Intraoperative expansion was performed using a latex glove inflated with saline through an intravenous line and a three-way stopcock (Fig. 1). While the patient was under general or local anesthesia, a central incision or elongation of the incisions of the pre-existing defects was made and the area to be expanded was undermined to place the expansion device in a pocket located below the subcutaneous tissue or above the periosteum. If the defect was too big to achieve satisfactory expansion with one device, two or three devices were inserted. The inflation of the expansion device was conducted through pushing normal saline at the stopcock. While the device was being inflated, the protrusion of the device beyond the pocket was avoided by pressing down on the area of entry with fingers. Tissue expansion was conducted by increasing the volume of the expanding device through repetitive inflations and deflations. Although there was variation between areas, the first inflation was typically 10–20 mL for 5 minutes, followed by 5 minutes of deflation, followed by a second inflation of 30–50 mL for another 5 minutes. The final volume was about 50–100 mL, up to 400 mL in some cases. The volume was depending on the size and flexibility of defect which the defect can be closed with minimal tension. After the tissue was expanded sufficiently, the flaps were pulled together to test the tension, then the device was removed and the defect was primarily closed without tension. According to the defect size, a careful decision has to be made regarding the inflation volume (number of glove digits or balloons) and the location of the expander (either unilateral or bilateral placement under the incision site). Finally, to prevent dehydration in the expanded tissue and to boost healing, sufficient amount of antibacterial lubricant was applied for 3 to 5 days.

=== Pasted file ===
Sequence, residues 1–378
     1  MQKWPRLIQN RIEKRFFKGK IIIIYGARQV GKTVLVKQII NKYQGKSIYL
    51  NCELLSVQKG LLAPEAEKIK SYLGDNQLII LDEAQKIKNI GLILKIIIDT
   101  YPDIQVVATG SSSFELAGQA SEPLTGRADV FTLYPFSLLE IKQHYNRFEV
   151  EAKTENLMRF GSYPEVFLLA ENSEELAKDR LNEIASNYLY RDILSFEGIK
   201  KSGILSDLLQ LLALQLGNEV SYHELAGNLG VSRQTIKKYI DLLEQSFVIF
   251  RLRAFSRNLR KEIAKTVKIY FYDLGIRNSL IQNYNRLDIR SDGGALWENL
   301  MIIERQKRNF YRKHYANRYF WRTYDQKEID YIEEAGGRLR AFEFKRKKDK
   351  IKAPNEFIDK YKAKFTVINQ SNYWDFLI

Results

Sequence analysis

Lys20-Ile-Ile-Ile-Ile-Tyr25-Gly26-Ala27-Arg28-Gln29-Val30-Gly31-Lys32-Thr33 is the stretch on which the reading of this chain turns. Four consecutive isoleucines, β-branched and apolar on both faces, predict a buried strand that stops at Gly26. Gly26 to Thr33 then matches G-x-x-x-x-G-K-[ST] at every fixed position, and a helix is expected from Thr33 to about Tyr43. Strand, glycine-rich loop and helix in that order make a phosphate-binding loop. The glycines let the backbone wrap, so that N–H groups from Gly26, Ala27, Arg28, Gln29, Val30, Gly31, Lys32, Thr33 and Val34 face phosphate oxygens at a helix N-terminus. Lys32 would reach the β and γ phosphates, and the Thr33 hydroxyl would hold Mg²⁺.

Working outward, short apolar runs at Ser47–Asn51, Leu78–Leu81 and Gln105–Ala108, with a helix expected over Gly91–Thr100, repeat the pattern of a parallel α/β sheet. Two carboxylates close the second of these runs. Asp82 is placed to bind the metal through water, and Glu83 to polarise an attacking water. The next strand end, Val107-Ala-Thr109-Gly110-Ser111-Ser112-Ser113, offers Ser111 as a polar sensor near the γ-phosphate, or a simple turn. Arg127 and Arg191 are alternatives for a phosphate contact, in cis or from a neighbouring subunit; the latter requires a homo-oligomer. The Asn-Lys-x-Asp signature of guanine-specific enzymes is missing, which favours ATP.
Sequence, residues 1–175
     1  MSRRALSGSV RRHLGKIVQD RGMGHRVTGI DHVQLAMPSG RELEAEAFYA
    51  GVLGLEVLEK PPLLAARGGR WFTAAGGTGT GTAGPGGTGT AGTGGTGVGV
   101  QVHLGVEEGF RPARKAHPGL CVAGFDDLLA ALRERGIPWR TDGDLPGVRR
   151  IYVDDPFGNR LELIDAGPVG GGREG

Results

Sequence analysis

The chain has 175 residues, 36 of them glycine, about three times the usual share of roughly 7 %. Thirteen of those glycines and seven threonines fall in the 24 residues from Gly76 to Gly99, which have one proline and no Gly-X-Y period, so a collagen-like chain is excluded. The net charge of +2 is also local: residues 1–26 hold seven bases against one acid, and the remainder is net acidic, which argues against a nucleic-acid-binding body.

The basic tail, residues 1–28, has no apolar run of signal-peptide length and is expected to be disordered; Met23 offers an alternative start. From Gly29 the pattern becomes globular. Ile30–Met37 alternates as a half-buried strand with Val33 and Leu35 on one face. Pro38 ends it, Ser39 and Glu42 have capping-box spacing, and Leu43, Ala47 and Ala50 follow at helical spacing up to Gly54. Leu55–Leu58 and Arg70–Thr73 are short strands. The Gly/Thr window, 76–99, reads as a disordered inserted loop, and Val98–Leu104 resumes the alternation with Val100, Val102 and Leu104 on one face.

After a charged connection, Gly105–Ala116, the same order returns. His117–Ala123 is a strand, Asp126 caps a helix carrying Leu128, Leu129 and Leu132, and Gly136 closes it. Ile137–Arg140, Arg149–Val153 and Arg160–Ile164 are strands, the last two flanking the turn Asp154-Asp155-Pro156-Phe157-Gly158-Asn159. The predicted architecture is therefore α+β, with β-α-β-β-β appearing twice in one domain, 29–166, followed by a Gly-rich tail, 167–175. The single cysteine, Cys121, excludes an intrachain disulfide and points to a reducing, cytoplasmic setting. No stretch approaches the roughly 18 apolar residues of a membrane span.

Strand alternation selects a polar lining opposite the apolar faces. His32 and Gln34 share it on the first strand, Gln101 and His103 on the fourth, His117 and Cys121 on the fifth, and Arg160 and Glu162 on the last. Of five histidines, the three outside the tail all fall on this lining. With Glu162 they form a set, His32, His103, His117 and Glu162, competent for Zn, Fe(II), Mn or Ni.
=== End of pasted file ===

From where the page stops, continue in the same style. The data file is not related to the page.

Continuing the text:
Fig. 1.

Intraoperative expansion material was made with a latex glove and a three-way stopcock before inflation (A) and after inflation (B).

There were no early or late postoperative complications such as contracture of the skin, wound dehiscence, inflammation, infection, hematoma or fluid collection. Slight ecchymoses were observed, which was spontaneously resolved within 3 weeks. Tension was minimal; texture was similar to that of adjacent tissue. Scarring was also minimized, leaving a fine linear scar by postoperative scar management which included taping, silicone sheets and ointment (Figs. 2, 3). The average expansion diameter was 4 cm, with a maximum diameter of 10 cm. In all the cases, immediate production of the device and reconstruction in various sizes of defects were possible without deformity and distortion of adjacent key structures and fine satisfactory results were achieved without complications in long term follow ups.